As we use our spiritual gifts, perhaps to teach, encourage, or serve in our faith communities, remember that God’s design always calls for love. Otherwise, it’s like a table missing a leg. It can’t achieve the true purpose for which it was designed.

No Greater Love

Commemorations of the seventy-fifth anniversary of D-Day in 2019 honored the more than 156,000 troops who took part in the largest seaborne invasion in history to liberate Western Europe. In his prayer broadcast over the radio that day, President Roosevelt asked for God’s protection, praying, “They fight not for the lust of conquest. They fight to end conquest. They fight to liberate.”A willingness to put one’s self in harm’s way to restrain evil and liberate the oppressed brings to mind Jesus’s words: “Greater love has no one than this: to lay down one’s life for one’s friends” (John 15:13). These words come in the midst of Jesus teaching His followers to love each other. But He wanted them to understand the cost and depth of this type of love: a love exemplified when one willingly sacrifices his or her life for another person. Jesus’s call to sacrificially love others is the basis of His command to “love each other” (v. 17).

Perhaps we could show sacrificial love by giving time to care for the needs of an aging family member. We could put the needs of a sibling first by doing their chores during a stressful week at school. We might even take extra shifts with a sick child to allow our spouse to sleep. As we sacrificially love others, we demonstrate the greatest expression of love.

Food from Heaven

In August 2020, residents of Olten, Switzerland, were startled to find that it was snowing chocolate! A malfunction in the ventilation system of the local chocolate factory had caused chocolate particles to be diffused into the air. As a result, a dusting of edible chocolate flakes covered cars and streets and made the whole town smell like a candy store.

When I think of delicious food “magically” falling from the heavens, I can’t help but think of God’s provision for the people of Israel in Exodus. Following their dramatic escape from Egypt, the people faced significant challenges in the desert, especially a scarcity of food and water. And God, moved by the plight of the people, promised to “rain down bread from heaven” (Exodus 16:4). The next morning, a layer of thin flakes appeared on the desert ground. This daily provision, known as manna, continued for the next forty years.

When Jesus came to earth, people began to believe He was sent from God when He miraculously provided bread for a large crowd (John 6:5–14). But Jesus taught that He himself was the “bread of life” (John 6:35), sent to bring not just temporary nourishment but eternal life (v. 51).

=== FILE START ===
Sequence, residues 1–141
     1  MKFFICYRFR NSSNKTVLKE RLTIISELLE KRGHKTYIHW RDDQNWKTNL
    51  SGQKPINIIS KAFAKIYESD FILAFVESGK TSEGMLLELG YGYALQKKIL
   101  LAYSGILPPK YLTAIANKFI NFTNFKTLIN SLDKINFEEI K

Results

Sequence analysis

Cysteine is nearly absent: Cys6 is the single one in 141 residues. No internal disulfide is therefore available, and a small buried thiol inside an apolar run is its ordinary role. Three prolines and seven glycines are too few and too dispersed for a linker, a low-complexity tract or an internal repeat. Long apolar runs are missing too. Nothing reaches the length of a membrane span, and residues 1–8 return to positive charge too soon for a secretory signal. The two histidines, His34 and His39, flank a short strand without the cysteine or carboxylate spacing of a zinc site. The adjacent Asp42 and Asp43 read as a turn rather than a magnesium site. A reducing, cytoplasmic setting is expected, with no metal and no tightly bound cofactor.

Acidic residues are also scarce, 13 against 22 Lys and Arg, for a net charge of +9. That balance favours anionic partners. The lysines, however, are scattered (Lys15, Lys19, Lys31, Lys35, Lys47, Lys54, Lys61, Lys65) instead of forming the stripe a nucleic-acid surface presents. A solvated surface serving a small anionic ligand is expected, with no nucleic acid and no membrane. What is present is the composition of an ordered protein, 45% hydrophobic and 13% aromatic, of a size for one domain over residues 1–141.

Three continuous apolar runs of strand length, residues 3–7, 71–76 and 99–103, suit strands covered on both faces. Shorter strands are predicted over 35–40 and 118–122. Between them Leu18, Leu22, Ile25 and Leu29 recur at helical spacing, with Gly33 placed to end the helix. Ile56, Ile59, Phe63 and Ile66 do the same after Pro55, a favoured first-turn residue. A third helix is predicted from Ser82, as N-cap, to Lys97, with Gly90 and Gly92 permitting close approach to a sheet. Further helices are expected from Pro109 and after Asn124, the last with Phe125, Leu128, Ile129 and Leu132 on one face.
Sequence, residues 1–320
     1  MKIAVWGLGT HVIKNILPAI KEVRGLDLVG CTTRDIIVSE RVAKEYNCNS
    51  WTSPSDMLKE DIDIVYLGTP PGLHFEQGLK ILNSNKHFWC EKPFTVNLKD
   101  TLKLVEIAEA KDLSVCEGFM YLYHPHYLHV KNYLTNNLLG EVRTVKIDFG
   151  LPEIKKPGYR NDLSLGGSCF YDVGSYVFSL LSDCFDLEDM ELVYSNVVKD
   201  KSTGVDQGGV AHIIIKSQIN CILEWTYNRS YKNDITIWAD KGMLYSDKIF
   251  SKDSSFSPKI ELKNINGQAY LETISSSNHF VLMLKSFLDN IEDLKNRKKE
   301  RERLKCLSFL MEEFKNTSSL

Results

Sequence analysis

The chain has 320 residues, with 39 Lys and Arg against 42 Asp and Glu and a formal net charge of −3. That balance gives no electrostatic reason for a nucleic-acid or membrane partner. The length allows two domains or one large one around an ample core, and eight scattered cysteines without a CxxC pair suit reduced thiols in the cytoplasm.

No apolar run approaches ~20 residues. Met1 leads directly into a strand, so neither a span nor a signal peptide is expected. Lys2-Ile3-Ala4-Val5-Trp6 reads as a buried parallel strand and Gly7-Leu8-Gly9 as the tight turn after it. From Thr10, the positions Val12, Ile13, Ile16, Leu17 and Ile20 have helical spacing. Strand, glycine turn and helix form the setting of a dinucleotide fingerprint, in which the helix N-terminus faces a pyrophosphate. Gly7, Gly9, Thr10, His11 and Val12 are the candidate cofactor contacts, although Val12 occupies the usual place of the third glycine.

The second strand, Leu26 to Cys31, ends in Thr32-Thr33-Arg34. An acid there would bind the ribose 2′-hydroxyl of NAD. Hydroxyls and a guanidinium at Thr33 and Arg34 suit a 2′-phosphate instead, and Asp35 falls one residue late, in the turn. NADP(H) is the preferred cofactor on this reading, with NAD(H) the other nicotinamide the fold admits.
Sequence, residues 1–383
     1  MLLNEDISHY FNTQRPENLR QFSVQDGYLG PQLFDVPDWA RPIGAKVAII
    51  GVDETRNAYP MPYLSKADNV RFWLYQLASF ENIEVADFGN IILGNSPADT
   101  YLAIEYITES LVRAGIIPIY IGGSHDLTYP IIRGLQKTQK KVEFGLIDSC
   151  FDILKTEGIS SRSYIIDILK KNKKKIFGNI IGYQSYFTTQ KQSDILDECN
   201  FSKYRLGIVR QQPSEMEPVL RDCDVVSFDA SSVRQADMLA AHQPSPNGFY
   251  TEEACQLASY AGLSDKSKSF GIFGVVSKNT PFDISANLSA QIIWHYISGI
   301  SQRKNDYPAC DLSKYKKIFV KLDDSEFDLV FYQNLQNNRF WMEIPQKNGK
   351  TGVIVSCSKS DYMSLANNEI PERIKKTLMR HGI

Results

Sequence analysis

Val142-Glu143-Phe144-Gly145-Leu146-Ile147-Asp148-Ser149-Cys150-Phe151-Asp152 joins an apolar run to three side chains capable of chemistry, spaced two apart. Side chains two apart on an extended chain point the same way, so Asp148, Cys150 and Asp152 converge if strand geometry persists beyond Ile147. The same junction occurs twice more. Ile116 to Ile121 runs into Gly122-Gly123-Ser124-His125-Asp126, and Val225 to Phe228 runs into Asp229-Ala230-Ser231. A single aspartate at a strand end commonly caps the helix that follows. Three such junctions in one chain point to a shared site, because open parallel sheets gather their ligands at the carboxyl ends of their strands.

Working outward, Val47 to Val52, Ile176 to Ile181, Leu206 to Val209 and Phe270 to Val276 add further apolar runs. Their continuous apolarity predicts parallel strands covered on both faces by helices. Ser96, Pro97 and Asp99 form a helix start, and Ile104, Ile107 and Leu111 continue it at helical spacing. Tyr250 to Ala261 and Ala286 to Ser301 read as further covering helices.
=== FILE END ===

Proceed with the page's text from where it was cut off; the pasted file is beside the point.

For those of us hungry for spiritual nourishment, Jesus extends the offer of unending life with God. May we believe and trust that He came to satisfy those deepest longings.

Gratitude on Earth Day

Earth Day is an annual event observed on April 22. In recent years, more than one billion people in about two hundred countries have taken part in educational and service activities. Each year, Earth Day is a reminder of the importance of caring for our amazing planet. But the mandate to care for the environment is far older than this…

His Cross of Peace

Somber eyes peer out from the painting Simon of Cyrene, by contemporary Dutch artist Egbert Modderman (Mark 15:21). Simon was pulled from the watching crowd and forced to help Jesus carry His cross. In the painting, Simon’s eyes reveal the immense physical and emotional burden of this responsibility.

Mark tells us that Simon was from Cyrene, a big city in North Africa that had a large population of Jews during Jesus’ time. Most likely Simon had journeyed to Jerusalem to celebrate the Passover. Then he found himself in the middle of this unjust execution, but was able to perform a small but meaningful act of assistance to Jesus (Mark 15:21).

Earlier in the gospel of Mark, Jesus tells His followers, “Whoever wants to be my disciple must deny themselves and take up their cross and follow me” (8:34). On the road to Golgotha, Simon literally did what Jesus figuratively asks His disciples to do: he took up the cross given to him and carried it for Jesus’s sake.

We too have “crosses” to bear—perhaps an illness, a challenging ministry assignment, the loss of a loved one, or persecution for our faith. As we carry these sufferings by faith, we point people to the sufferings of Jesus and His sacrifice on the cross. It was His cross that gave us peace with God and strength for our own journey.

Chatty Bus

In 2019, the Oxford Bus Company launched the instantly popular “Chatty Bus,” a bus with designated people on board willing to talk with interested passengers. The route was initiated in response to government research which found that thirty percent of Britons go at least one day each week without a meaningful conversation.

Many of us have likely experienced the loneliness that comes from not having someone to talk to in a time of need. As I reflect on the value of important conversations in my life, I'm especially reminded of discussions that were full of grace. Those times brought me joy and encouragement, and they helped to cultivate deeper relationships.

At the end of his letter to the Colossian church, Paul encouraged his readers with principles of authentic living for believers in Jesus, including ways our conversations can exhibit love to everyone we encounter. The apostle wrote, “Let your conversation be always full of grace” (4:6), reminding his readers that it is not simply the presence of words but the quality of those words—“full of grace”—that would allow them to be a true encouragement to others.

The next time you have the opportunity to connect deeply in conversation—with a friend, co-worker, or even a stranger seated next to you on a bus or in a waiting room—look for ways your time together might bring blessing into both of your lives.